Style on the Sidelines and Trends of the Time
Red Crepe Dress
This red dress exhibits a variety of the trends which dominated fashion during the Second World War. Firstly, the color of this dress is bright, bold red—a blatant display of patriotism. Secondly, we note the dress’s length, which stops around the knee, and silhouette, which is tailored and close to the body. In an effort to reduce the amount of fabric used for women’s clothing, the War Production board issued Regulation L-85, which rationed different natural fibers and fabrics. Moreover, a shorter dress would use less fabric, as would a dress that didn’t make use of billowing skirts. The last key feature of this dress can be seen in the shoulder pads. Though we can tell that the design of the dress is feminine in that its waist is cinched by a decorative belt, the shoulders are broadened by shoulder pads. Shoulder pads were a manifestation of the masculine form of soldier, and women too adopted this silhouette because they too were making sacrifices for their country in order to emerge victorious.
War Bond Print Dress
This orange and white printed David Crystal dress appeared in a Neiman-Marcus advertisement in December of 1942. The dress is made of rayon as per the popularity and necessity of war-time synthetics. The pattern repeat is a corsage made of war bond stamps—an accessory women sometimes wear when selling War Bonds. War Savings Stamps were a program to help sell War Bonds to fund World War II. The dress appears to be a great demonstration of patriotism through consumerism, but this dress also suggests that regulation L-85 might not have been reducing the use of fabric for fashion as effectively as people thought it did. Moreover, this article advertises a way to support the war without actually supporting it through the conservative and practical shopping practices the war encouraged.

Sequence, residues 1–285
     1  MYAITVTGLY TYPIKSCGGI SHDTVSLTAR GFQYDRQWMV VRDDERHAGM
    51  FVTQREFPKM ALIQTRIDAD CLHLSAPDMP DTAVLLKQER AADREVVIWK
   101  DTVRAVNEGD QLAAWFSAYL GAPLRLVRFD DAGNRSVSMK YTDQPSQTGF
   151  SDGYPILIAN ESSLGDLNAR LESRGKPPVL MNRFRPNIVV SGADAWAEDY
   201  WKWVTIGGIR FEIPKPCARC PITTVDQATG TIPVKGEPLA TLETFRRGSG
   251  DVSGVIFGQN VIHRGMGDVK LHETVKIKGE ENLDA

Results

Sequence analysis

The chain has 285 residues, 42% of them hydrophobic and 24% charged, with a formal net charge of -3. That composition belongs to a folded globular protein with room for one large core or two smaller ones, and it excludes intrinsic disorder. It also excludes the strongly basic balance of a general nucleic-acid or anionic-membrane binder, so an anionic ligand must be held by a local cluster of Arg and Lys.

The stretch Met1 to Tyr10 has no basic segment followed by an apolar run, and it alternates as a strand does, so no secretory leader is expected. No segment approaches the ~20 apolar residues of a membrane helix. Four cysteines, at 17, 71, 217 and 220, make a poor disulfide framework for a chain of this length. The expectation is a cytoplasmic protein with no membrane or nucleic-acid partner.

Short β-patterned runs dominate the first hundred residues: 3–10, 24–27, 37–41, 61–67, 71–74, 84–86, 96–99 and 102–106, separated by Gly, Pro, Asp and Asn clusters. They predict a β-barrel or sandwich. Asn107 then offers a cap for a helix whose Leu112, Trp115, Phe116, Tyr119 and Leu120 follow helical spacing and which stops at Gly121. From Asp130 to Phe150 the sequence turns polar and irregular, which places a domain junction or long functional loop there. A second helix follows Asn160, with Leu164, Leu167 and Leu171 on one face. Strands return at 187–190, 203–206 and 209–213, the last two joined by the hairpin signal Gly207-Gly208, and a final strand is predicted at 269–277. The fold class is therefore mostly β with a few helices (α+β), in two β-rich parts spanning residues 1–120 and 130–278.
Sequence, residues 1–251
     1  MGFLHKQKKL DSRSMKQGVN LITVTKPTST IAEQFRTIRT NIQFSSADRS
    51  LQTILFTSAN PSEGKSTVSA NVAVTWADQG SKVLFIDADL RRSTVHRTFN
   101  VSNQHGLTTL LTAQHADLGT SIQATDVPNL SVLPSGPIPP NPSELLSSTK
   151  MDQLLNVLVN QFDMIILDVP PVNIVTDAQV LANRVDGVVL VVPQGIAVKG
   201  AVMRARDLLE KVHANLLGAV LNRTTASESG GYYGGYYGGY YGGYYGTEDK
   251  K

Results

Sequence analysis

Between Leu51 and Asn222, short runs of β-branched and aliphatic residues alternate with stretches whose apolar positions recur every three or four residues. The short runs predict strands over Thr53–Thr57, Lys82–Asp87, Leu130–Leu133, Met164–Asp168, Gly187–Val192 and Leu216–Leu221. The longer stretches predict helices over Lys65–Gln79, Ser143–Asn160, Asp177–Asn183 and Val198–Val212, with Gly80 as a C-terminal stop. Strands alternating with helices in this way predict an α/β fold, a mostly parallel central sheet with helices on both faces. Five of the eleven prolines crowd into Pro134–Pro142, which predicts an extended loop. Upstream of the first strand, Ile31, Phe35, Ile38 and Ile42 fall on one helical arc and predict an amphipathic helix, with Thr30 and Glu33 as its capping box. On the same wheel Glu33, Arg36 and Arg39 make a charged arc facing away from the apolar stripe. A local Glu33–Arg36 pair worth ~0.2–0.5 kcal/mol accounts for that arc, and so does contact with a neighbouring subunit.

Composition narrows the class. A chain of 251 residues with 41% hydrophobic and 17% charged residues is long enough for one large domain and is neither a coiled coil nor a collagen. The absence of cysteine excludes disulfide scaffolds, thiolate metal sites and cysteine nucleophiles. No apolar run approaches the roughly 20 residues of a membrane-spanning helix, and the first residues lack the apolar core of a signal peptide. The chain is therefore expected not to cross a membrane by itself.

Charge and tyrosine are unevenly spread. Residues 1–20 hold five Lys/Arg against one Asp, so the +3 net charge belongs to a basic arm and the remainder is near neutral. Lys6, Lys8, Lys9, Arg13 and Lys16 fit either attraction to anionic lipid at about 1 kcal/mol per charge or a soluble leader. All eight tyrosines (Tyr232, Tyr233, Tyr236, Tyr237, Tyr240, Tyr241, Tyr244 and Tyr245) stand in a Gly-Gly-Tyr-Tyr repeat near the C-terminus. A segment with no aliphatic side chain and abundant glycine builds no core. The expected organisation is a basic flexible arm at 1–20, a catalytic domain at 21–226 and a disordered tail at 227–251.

Adrian Skirt Suit
This grey-brown skirt suit of worsted wool fully lined in brown chiffon was designed by famed costume and film set designer Adrian Greenberg (also Gilbert Adrian). He started his career during Hollywood’s Golden Age and would go on to design costumes for high-profile actresses such as Katherine Hepburn and blockbuster movies such as “The Wizard of Oz.” This suit, on loan from the University of Northern Texas, was designed near the end of Adrian’s career, showcases the influence of the military aesthetic in high fashion. The gold buttons running down the center of the blazer resemble the layout of buttons that might be seen on a military uniform. The gray-white-brown color reinforces the ensemble’s chic yet utilitarian feel.
Polka-Dot Graduation Dress
Pictured here is a yellow and black polka-dotted graduation dress worn by Irene Ketcham in 1946 during her graduation from Cornell University’s School of Home Economics. Ketcham paired the look with a black patent leather belt. While this dress was worn a year after the war ended, it reflects the ethos of WWII era fashion through mending. Clothing conservation was critical, and mending could increase the lifespan of a garment. As per fabric rationing, people sought to repurpose or alter the clothing they had instead of wasting material by purchasing new clothing.